When I look back with hindsight of 34 years’ sourcing and training talent, the changes are profound. No more so than the acceleration of technology, as a buffer for businesses to stay productive and keep workers happy in COVID.
It is heartbreaking to watch the economic fall-outs of COVID lockdowns in Sydney and Melbourne. We can but hope this will be short-lived.
Meanwhile, our Executive Outlook survey of local businesses is finding that the hiring snapback from COVID has caught us all off guard.
Our survey indicates we’re heading for a perfect storm – businesses have the work coming in but not enough staff. Some firms let people go in the midst of COVID, and are now struggling to hire. Workers are more cautious about changing careers. Companies are responding with higher wages.
This is unprecedented! We’ve been in business for 34 years, and have never seen demand for talent this high.
The boot is now on the other foot, and candidates are in demand. Understanding their needs is quite different to 34 years ago.
Workers are more skilled, agile and socially connected than ever before. Their idea of success is embedded in their skills and ability to learn, rather than security of tenure. They can find work through their social and professional networks. Those with multiple skills and an entrepreneurial spirit are in the box seat.
Credentials are less important. This generation relies more on augmented tools and social networks for guidance. It’s easy to access specific knowledge on-line, with a plethora of manuals, videos and advice. So, we’re more reliant on knowledge embedded in the cloud, rather than educators. That’s another big change. 34 years ago, qualifications underpinned our careers.
It’s also about the soft skills they bring to an employer. The differentiator for any business (at any point in time) is to move from a transactional to consultative environment. What’s changed now is our ability to exploit technology to manage the data, which frees us up to engage with clients and build our brand – that’s the edge. And that calls on strong communicators with empathy, to negotiate and understand the context of customers’ needs (machines can’t replicate these skills).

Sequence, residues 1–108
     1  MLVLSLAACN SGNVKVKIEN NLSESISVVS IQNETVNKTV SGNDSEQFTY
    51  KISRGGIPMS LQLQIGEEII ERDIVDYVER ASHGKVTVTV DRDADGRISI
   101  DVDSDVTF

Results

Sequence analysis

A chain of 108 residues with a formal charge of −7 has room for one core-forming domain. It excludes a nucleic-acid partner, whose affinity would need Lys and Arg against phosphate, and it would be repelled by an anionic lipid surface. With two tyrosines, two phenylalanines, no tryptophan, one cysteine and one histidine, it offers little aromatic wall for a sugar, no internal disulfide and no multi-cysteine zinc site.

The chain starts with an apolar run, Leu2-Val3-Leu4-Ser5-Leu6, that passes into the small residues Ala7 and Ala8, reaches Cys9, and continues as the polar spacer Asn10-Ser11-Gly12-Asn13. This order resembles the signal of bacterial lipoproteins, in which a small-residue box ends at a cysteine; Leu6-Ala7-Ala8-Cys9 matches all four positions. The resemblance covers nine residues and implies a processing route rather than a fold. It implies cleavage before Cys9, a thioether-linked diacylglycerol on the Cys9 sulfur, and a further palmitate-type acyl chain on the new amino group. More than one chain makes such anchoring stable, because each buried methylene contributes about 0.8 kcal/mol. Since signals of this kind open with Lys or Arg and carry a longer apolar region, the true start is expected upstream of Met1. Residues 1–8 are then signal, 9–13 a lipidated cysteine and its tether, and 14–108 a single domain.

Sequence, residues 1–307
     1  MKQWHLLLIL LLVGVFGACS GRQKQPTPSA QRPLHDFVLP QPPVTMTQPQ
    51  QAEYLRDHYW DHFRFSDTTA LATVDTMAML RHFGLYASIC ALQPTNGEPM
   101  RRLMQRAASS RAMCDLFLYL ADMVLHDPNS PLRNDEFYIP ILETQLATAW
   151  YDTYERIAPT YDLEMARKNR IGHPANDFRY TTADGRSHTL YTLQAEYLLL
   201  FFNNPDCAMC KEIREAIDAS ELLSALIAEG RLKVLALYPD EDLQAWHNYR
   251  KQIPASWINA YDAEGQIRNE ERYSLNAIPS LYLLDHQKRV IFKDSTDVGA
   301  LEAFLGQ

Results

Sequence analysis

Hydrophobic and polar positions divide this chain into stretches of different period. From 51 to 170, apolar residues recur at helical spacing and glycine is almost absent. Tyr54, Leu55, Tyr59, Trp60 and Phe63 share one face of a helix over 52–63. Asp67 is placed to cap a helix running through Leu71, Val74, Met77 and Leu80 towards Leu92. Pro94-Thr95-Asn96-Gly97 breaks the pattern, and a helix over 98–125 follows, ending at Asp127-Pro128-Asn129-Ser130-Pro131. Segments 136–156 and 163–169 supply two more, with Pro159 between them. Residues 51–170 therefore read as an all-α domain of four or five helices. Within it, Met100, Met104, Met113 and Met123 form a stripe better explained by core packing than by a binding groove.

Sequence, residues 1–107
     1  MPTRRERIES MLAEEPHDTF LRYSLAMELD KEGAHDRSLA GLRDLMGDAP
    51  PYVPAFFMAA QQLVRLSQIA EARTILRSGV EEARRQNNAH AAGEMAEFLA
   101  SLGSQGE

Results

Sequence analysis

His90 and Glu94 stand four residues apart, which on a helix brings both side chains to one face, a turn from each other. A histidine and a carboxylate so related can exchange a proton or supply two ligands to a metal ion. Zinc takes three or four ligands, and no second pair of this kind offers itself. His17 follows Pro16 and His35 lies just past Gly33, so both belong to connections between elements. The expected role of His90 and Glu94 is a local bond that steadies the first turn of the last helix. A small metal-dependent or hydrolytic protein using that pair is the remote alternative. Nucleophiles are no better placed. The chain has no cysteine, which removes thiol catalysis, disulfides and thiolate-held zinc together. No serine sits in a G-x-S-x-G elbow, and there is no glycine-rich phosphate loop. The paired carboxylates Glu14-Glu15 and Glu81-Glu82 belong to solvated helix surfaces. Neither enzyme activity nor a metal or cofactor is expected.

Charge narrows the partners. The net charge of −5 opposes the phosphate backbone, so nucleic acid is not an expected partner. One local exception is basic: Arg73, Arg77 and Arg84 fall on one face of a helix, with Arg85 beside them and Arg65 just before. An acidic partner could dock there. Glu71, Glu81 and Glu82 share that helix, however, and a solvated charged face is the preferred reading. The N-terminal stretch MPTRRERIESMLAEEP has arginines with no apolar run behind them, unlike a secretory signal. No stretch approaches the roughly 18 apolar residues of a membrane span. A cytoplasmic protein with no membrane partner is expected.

Relationships are critical in these uncertain times (Executive Outlook, 2021)
Retention is now front of mind for business leaders. A visit to Silicon Valley shows the lengths they go to. These young tech geniuses come out of college on 6 figure incomes. Pets are welcome, with on-site creches for kids, gyms, designated caravan parks and gourmet meals cooked on site (and if it’s not cooked by a world famous chef, they’ll move for one that does).
No-one’s saying we need those extremes, but if we don’t look after our superstars, they will vote with their feet.
Our advice is to consider candidates with transferrable skills, like values, attitude and people skills from other sectors. The focus has also shifted to internal mobility, upskilling, alumni networks and referrals. Now is the time to hire on potential.
For us, machines can find candidate profiles, but it still takes market knowledge and finesse to find the right talent, and explore options with you. It’s similar for most professions.
Compiled by Jan Gadsden, Founder of Top Office Group Pty Ltd.